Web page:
Mount Fuji is the iconic symbol of Japan. The perfectly shaped mountain reaches a height of 3,776 meters (12,388 feet) making it the tallest in Japan. You can see the mountain as far as Tokyo on a clear day, but it is best viewed from the Fuji Five Lakes or Hakone.
The climbing season officially starts on July 1 and lasts until mid-September. For only two months of the year, the trails are clear of snow, the mountain huts and facilities are open, and transportation is frequent.
Fuji-san is not a difficult climb, but preparations should be taken seriously. Weather conditions on the mountain can be unpredictable and it is possible to get altitude sickness.
5 Tips for Climbing Mount Fuji in Japan
1. Go on a Weekday
Mt. Fuji is very crowded. Nearly 300,000 people hike the trails every year, and there could be as many as 10,000 people on any given day! To avoid the crowds, it is best to plan your trip on a weekday. Saturdays and holidays are the most crowded.
2. Pack Appropriately
It is important to pack a light backpack with everything you will need for the trip.
- Rain gear
- Hat and gloves
- Food and water
- Moist towelettes
- Plastic bag for garbage
The top of the mountain can get very cold and windy, even in the summer. Wear layers and have a rain jacket, hat, and gloves handy. Do not bring an umbrella because it will be useless in the high winds.
Wear sunscreen if you burn easily. Much of the mountain does not have any shelter, so you will be directly exposed to the sun.
The terrain is rocky and sandy, so it is best to wear hiking boots. The descent can be particularly dusty, so bring a mask and sunglasses to protect your face. Also, bring a towel for wiping dust and sweat.
There are mountain huts at the Stations that sell food and water, but they can be infrequent and also expensive. Be sure to bring enough water and snacks without having to rely on the mountain huts. Onigiri (rice balls) are an easy food to pack that are light and will fill you up.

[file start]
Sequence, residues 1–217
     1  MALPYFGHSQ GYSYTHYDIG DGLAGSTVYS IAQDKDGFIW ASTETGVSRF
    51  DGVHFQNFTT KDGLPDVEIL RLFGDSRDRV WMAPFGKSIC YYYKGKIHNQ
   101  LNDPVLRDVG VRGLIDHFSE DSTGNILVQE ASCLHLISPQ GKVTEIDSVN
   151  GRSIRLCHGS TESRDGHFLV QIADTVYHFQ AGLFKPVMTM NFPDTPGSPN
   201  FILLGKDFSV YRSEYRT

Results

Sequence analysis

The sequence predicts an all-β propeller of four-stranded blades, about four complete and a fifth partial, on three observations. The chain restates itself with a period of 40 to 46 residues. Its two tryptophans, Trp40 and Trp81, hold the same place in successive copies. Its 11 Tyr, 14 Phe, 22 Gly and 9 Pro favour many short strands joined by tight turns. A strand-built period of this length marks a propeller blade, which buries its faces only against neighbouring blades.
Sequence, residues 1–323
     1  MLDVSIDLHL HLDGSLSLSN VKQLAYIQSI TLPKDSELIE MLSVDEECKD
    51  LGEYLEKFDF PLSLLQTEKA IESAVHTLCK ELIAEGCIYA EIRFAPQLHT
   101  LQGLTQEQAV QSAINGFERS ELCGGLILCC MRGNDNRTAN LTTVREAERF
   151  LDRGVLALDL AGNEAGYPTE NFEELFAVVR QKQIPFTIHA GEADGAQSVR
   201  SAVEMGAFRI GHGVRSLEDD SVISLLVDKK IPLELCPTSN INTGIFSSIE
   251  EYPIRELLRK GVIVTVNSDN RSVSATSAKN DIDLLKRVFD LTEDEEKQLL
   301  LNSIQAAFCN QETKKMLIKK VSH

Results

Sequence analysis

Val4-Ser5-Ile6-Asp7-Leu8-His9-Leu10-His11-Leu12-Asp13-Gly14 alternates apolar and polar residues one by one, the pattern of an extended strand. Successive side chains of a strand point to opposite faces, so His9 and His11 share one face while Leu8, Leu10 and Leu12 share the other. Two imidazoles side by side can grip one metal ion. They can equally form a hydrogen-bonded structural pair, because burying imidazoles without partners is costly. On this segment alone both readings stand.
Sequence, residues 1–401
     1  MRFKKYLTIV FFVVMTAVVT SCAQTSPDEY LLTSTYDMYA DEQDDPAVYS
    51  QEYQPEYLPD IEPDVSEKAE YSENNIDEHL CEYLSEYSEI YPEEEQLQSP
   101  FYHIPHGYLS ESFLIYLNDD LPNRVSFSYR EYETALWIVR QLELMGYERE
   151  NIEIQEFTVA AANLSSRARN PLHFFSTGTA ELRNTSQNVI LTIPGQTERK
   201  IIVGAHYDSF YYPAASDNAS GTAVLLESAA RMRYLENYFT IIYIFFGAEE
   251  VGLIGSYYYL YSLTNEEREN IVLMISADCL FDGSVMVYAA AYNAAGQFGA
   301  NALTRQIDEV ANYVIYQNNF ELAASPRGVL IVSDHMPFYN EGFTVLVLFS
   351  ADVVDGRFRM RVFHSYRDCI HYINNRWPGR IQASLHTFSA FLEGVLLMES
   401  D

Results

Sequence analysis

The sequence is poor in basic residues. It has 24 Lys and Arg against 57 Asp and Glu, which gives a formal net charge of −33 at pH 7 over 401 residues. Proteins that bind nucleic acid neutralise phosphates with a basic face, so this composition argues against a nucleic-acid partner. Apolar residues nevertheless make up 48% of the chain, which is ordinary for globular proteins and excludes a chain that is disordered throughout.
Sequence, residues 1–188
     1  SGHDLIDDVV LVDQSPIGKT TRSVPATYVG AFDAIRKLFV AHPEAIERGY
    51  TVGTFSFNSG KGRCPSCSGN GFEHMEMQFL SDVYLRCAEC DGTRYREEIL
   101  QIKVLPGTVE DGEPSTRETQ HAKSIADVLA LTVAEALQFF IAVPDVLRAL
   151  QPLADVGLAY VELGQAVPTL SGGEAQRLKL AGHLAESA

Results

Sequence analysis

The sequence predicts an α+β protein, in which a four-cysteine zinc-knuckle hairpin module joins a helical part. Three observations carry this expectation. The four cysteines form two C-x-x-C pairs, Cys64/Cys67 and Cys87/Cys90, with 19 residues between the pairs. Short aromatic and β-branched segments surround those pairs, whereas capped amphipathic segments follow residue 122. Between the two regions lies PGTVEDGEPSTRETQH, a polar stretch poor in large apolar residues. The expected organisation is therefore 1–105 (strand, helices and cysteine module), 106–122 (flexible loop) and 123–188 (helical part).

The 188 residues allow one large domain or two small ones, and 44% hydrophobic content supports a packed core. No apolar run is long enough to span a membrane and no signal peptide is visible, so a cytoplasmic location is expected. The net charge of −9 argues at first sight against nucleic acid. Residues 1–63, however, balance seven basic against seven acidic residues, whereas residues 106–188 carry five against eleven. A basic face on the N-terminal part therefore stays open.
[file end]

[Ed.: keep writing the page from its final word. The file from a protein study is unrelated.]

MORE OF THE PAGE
Also think about water for washing. There is not any water on the mountain for washing or bathing. Moist towelettes may also come in handy.
Bring enough cash to pay for lodging, food, water, toilets, souvenirs, etc. It may not be possible to use credit cards on the mountain. The toilets accept 100 yen coins, so have plenty of these available before your hike.
All garbage should be taken with you and disposed of after you leave the mountain. There aren’t any public garbage cans on the mountain, so bring a plastic bag to collect your garbage.
3. Start at the 5th Station
The mountain is divided up into 10 stations with the 1st Station at the base and the 10th Station at the summit. There are four trails, each with a 5th Station accessible via road.
The most popular route is the Yoshida Trail (Fuji Subaru Line). The 5th Station is located at 2,300 meters and offers the most mountain huts. At the 5th Station there are restaurants, souvenir shops, and a viewing platform. The Yoshida Trail takes approximately 5 hours to reach the summit and 3 hours to descend.
Other trails include the Subashiri, Gotemba, and Fujinomiya. The Subashiri Trail meets the Yoshida Trail at the 8th Station.
- Subashiri: The 5th Station is at 2,000 meters. It takes 5 hours up and 3 hours down.
- Gotemba: The 5th Station is at 1,400 meters. It takes 7 hours up and 3 hours down.
- Fujinomiya: The 5th Station is at 2,400 meters. It takes 4 hours up and 2 hours down.
4. Stay in a Mountain Hut
Mountain huts are available along the trails for resting and eating. If you plan on sleeping, you will need to make a reservation in advance. Because of the crowds, mountain huts can fill up quickly.
The best way to experience the summit is to be at the top when the sun rises. The air in the morning is the clearest, so it is possible to get a good view before the clouds set in.
In order to see the sunrise, it is recommended to start your hike in the afternoon and plan to stay in a mountain hut at the 7th or 8th Station. Then continue on your journey in the morning keeping in mind the sun typically rises around 4:30-5:00 am. Please note that camping on the mountain is prohibited.
5. Climb Slowly
Take your time and take frequent breaks to rest. Climbing too fast can bring on altitude sickness. The higher you go, the thinner the air gets. If you start to feel sick, take a break at a mountain hut.
“A wise man will climb Mt Fuji once; a fool will climb Mt Fuji twice.” Japanese proverb
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Becki and Shawn
Japan Travel Specialists
Hi, we’re Becki and Shawn! We love Japan and are truly passionate about Japan and Japan travel.
We’ve lived, worked, and traveled in Japan for 20+ years, so we know where to go, what to see, and how to get there. Join us in Japan for an adventure of a lifetime!